The original brakes were from the Post Office Jeep but I discovered they were a little on the small side. When I was driving very aggressively in the mountains they would fade so I ended up installing 12-inch diameter drums from an early Lincoln. They made a tremendous difference.
I installed cast aluminum scoops on the backing plates and Swiss-cheesed the backing plates so air could go in from the scoop and out the back of the plates to get some airflow through the brakes. The bigger brakes and the scoops made a big difference. Now I can drive as hard as I want and braking heavily going down mountain roads without cooking the brakes. They work really well.
AG: What’s under the hood… I mean bonnet?
ML: For the engine, we were kicking around different ideas, but we wanted it to look like a British car. One of the notable details on an awful lot of British cars are the round topped SU side draft carburetors—almost all the British cars used them at some point. I knew I wanted a six-cylinder because I love the sound of a six. Then to find something that was readily available and was a good reliable engine, I ended up going with a Datsun 240Z motor.
It’s tilted about 10 degrees so the carburetors don’t really stick out that far. It’s a good strong six-cylinder. You can get rusted out Z-cars pretty cheap. I think I paid $500 for the Z-car in running condition but rusted to a structural fault where it wouldn’t have been safe to drive. I got the engine and four-speed transmission from it and scrapped the rest.
Because of the really tall wheels, they actually “change” the gear ratios so I actually ended up with fourth gear right about where fifth would be. Fourth gear cruises at any speed you’d like to do but it’ll actually do 85 mph in third gear. So, fourth is like an overdrive, even though it’s not really overdrive.
AG: Mail Jeep frame, Lincoln drum brakes, and an L28 Datsun 240Z powertrain… I like the way you think, Mark. So, you built the body as well?
ML: We had some pictures of Riley cars and they were what the British called bespoke. Basically, they’d build you whatever body you wanted. One choice of that style car was a fairly simple shape with no compound curves. The idea of a tapered fuselage body that was relatively easy to build with separate fenders appealed to me. That’s how we chose this body style.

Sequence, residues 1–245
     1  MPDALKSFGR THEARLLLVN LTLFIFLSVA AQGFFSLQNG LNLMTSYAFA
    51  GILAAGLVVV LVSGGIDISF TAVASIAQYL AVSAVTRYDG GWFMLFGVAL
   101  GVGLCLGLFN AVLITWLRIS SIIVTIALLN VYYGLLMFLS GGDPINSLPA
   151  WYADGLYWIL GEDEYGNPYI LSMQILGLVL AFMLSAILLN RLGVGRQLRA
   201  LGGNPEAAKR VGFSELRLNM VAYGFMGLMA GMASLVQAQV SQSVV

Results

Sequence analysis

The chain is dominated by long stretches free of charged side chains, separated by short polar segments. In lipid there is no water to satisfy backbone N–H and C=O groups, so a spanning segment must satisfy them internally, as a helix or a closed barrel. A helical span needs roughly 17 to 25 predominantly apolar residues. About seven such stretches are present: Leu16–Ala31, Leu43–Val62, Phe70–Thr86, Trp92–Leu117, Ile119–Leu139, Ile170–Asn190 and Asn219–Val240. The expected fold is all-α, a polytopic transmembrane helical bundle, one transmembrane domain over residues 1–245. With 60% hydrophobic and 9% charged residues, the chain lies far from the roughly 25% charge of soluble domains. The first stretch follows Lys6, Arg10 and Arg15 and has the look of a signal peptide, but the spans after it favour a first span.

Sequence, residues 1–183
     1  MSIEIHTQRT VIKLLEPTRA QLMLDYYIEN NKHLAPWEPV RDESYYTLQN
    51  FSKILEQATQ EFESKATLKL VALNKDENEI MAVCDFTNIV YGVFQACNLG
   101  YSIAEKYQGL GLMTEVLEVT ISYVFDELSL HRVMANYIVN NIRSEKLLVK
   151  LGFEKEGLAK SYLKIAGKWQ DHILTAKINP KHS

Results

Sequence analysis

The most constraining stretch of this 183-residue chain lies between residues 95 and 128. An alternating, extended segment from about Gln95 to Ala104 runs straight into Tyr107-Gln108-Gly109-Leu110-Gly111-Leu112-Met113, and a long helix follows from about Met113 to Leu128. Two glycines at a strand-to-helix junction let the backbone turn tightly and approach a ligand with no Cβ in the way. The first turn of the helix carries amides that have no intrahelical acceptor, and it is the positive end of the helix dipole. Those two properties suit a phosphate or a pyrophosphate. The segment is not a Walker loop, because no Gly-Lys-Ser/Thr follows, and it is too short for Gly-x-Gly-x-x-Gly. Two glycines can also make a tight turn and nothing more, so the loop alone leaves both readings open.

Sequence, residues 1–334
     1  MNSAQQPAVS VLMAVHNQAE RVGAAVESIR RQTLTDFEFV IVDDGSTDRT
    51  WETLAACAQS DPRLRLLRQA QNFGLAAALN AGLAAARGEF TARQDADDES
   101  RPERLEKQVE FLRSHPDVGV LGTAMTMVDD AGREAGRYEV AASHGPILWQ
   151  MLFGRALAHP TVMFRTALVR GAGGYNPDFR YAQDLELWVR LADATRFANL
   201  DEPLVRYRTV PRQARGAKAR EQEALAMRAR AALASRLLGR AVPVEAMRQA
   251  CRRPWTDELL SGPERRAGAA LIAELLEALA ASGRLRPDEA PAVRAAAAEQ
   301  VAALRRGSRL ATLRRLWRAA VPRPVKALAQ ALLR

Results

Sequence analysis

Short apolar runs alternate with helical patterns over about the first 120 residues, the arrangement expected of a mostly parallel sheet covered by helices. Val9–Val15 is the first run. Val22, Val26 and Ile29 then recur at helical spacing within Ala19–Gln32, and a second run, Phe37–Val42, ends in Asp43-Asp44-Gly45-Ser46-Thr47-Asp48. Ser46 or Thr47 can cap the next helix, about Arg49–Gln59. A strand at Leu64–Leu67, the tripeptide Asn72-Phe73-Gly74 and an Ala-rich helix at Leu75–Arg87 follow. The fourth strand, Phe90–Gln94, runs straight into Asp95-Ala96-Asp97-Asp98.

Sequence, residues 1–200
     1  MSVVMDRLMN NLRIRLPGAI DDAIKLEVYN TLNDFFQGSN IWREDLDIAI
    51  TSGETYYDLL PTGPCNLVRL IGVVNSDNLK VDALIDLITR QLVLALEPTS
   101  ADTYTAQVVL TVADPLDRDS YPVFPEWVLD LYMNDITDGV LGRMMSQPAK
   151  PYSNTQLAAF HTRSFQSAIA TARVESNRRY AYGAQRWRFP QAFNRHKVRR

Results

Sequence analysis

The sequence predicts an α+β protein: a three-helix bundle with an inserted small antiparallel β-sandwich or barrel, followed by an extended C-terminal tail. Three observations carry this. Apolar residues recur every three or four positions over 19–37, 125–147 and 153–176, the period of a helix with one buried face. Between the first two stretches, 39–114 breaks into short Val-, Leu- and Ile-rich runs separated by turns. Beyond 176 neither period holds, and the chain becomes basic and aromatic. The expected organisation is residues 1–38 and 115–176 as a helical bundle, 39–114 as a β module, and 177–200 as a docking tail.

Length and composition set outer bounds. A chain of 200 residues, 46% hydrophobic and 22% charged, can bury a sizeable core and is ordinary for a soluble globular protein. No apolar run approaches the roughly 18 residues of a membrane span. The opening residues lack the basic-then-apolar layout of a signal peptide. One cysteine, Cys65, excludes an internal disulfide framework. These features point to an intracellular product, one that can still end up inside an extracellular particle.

I bought a slip roll to do the rolling of the body panels and it worked out pretty well. There were a few times I’d make a piece, scrap it, and make another until I was happy. But for the first time doing sheet metal, I think it came out pretty good. It was persistence and a “you learn while you do” mentality.
AG: It looks great and I love the rivets. What have you got going on with the interior?
ML: The instruments are just Stewart Warner units out of the Speedway Catalog. They have a vintage line that looks like the old timey instruments, so we used those. The steering wheel I actually made that from scratch. I used a flat sheet of aluminum, cut it into a circle, and cut out everything except the spokes.
I then made wooden quarter circle pieces, they aren’t bent, but instead I cut the wood in the shape of a semi-circle, then bolted those to the aluminum plate, and sanded it so it’d be a nice rounded contour for your hands. It’s actually a really comfortable wheel. I used a Marine Spar Varnish on the walnut wood. It came out very pretty and has a UV protector in the varnish so it should hold up good over the years.
We copied what we saw in some of the old cars, that’s why we went with a four-spoke wheel. The diameter was as big as I could make on my mill, 15-3/4” to be exact. It’s one of those details, that man and machine interface where you actually touch it, it’s nice to have wood. Like the stock of a gun, that sort of thing. We made the glovebox door out of the same piece of wood.
The aluminum bomber seats are from a catalogue. It’s kind of like what they would have used from the hot rods of the ‘50s, which is sort of what would have been found in a sportscar in the ‘30s. At the time they didn’t offer an upholstery package so we made the cloth covers for them that cover the pad on the bottom of the seats.
One of the things we noticed studying pictures of these old cars was the ones that looked right, the steering wheel and the spare tire were the same angle. Otherwise, they’d look like they were designed by a committee. Once we had the cockpit mocked up and knew the angle of the steering wheel, we put the spare tire on the back of the car, angled it to match the steering wheel angle, and made a template for the gas tank to fit between the back of the body and where the spare would be mounted.
The tank actually came out bigger than I had anticipated—it’ll hold about 21 gallons. When I built the tank I put in vertical baffles so the fuel can’t slosh side to side, so you don’t get a tsunami going back and forth. 12 years in and it hasn’t leaked a drop.
The headlights are 12-inch Lucas P100 headlights that would have been used on a lot of different cars in England in the ‘30s. They’re actually one of the only “old” parts on the car. I’m not sure what these were from but these lights would have been on Jags, Lagondas, Bentley, and Rolls Royce cars. I love the look of them. They give it a real pre-war vibe, they really make it stand out.
We went through a lot of trouble and effort to make sure it didn’t look like a kit car, and regular 7-inch sealed beam headlights wouldn’t have helped that.